To get an idea of how that might change in the future, you might want to view the Heartland Regional Transportation Planning Organization’s 2040 Long Range Transportation Plan.

The Heartland TPO is a relatively new agency just formed in 2015 to provide local input on future transportation projects in Hardee, Highlands, DeSoto, Okeechobee, Glades and Hendry counties.

The future project list includes the six-laning of U.S. 27 between Lake Placid and the Glades County line, the four-laning of State Road 29 in Hendry County and a discussion of the Florida Department of Transportation’s future corridor concepts for changes in the U.S. 27 corridor and for what was once called the Heartland Parkway, a new road from the LaBelle area northeasterly to Polk County to connect to Interstate 4.

The only active section of that project is the Central Polk Parkway, which is proposed to run through rural areas of northeast Polk County, but is mostly on hold because FDOT officials have concluded that most of it is not financially feasible at this time as a toll road.

The fact that the corridor is on a long-range state transportation planning map is important.

To learn more about the Heartland TPO, go to http://heartlandregionaltpo.org/about/ and follow the links.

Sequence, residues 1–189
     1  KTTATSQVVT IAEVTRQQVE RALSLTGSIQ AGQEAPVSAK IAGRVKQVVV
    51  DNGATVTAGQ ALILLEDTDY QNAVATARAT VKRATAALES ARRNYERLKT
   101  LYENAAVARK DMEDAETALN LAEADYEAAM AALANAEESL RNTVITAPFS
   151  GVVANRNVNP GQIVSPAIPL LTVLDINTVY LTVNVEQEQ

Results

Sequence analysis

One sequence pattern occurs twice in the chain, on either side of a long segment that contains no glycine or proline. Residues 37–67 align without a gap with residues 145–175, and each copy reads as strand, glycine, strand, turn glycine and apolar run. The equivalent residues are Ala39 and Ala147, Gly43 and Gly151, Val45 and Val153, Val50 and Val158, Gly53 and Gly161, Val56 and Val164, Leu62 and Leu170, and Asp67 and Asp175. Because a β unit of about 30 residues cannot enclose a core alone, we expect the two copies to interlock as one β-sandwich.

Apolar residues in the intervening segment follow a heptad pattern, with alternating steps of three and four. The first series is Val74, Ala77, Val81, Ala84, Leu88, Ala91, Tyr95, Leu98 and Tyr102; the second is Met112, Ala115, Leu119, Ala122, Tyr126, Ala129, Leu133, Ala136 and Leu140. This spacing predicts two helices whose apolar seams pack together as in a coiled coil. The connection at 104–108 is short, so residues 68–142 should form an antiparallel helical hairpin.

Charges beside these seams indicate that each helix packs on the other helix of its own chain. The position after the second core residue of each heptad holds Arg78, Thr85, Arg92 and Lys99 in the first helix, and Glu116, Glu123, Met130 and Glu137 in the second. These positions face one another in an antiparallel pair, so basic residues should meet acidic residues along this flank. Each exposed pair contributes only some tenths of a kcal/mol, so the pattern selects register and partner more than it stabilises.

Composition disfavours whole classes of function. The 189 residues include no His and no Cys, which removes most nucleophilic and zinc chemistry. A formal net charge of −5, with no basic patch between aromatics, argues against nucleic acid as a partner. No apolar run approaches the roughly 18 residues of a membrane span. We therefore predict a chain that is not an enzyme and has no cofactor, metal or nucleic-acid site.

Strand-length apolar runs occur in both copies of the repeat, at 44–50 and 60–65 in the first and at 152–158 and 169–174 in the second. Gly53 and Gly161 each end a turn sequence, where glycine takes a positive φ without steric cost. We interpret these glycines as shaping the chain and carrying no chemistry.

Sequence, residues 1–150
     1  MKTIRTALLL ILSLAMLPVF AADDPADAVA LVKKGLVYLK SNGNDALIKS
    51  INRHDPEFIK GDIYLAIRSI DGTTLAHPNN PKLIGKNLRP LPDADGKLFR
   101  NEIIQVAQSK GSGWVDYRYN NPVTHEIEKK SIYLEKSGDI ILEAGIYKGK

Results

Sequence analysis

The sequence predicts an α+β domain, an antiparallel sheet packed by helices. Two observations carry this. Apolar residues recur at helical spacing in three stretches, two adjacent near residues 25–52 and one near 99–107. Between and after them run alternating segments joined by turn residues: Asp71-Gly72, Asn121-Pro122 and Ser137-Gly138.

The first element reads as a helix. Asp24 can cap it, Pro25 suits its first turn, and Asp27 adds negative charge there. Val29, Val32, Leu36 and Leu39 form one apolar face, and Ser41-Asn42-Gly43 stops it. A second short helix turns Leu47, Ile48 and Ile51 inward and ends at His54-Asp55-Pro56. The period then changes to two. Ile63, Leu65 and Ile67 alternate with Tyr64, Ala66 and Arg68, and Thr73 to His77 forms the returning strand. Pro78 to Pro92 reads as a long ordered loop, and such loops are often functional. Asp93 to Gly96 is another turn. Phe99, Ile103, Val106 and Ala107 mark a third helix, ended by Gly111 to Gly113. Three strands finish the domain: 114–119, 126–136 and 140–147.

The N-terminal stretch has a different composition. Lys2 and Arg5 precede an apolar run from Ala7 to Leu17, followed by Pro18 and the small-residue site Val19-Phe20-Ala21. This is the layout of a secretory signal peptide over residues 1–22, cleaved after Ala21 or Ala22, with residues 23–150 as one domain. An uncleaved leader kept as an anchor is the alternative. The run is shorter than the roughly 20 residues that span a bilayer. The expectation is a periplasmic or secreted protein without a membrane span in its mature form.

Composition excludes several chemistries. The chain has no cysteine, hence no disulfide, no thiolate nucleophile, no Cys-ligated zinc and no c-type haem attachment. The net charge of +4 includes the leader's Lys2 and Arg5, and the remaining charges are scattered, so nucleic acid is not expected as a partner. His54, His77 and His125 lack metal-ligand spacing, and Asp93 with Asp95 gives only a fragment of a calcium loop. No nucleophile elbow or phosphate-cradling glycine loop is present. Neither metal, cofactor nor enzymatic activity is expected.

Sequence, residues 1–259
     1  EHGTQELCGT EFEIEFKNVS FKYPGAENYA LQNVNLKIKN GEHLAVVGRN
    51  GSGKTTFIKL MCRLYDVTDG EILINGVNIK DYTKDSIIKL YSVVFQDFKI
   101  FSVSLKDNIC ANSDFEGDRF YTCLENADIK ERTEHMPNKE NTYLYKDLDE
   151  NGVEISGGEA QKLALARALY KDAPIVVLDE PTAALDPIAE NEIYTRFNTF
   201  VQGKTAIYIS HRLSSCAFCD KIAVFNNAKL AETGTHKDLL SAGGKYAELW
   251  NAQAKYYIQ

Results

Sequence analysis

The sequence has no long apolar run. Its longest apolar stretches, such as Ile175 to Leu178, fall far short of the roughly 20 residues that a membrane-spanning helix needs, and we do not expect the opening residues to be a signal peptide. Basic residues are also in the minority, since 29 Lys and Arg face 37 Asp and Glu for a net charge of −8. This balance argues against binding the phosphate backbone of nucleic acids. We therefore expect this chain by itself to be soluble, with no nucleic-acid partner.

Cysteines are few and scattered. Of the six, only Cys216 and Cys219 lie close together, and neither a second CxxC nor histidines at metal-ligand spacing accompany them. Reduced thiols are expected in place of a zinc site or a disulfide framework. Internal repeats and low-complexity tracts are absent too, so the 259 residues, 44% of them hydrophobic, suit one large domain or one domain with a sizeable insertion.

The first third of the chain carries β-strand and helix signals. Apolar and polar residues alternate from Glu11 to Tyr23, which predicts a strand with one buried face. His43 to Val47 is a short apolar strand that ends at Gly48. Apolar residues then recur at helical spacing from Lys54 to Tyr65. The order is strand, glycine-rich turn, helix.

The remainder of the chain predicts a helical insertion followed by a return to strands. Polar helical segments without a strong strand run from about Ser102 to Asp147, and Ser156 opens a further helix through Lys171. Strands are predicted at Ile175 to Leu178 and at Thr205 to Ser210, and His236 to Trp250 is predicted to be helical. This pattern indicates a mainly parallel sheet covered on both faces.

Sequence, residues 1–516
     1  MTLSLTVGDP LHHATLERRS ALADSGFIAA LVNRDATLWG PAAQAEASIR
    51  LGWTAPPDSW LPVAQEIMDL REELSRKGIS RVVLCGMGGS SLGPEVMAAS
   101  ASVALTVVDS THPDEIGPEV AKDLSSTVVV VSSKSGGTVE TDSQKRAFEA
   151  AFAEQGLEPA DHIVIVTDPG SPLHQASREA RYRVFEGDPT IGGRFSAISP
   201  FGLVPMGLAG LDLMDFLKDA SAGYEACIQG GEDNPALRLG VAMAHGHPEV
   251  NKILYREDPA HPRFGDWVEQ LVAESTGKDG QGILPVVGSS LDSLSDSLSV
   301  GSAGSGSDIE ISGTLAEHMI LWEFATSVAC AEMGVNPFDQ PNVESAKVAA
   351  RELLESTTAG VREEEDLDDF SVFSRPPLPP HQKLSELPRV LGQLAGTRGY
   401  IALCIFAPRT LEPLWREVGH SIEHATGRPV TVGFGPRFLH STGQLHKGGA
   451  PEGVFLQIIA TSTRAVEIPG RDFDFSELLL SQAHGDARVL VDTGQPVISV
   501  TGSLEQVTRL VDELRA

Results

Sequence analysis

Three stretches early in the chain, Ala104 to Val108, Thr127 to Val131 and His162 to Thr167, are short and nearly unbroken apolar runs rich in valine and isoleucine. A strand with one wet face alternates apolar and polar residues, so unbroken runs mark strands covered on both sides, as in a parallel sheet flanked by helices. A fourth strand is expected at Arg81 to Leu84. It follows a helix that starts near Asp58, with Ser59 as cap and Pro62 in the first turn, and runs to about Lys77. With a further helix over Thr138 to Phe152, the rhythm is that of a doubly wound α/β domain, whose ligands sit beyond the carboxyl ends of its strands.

More Polk Water $ On Swiftmud Agenda

A proposal to appropriate an additional $11 million to support early work on three projects proposed by the Polk County Regional Water Cooperative is scheduled for routine approval Tuesday when the Southwest Florida Water Management District Governing Board convenes at 10 a.m. at the Lake Eva Center in Haines City.

The appropriation is included among the items on the consent agenda, a group of items that are approved by a single vote, because the main decision occurred earlier when the Polk cooperative met the deadlines for funding imposed by the agency as part of a long-term project to development an additional 30 million gallons per day of what have been termed “alternative water projects.”

The $11 million covers part of the $23 million first phase work on the projects, which involve Lower Floridan Aquifer projects in the Lakeland and Frostproof areas and a water project involving storing water in the Peace Creek Drainage Canal basin in hopes of getting credits that will allow Winter Haven to withdraw more water from its existing wells.

The $23 million figure represents only 3.6 percent of the estimated $640 million cost of the three projects.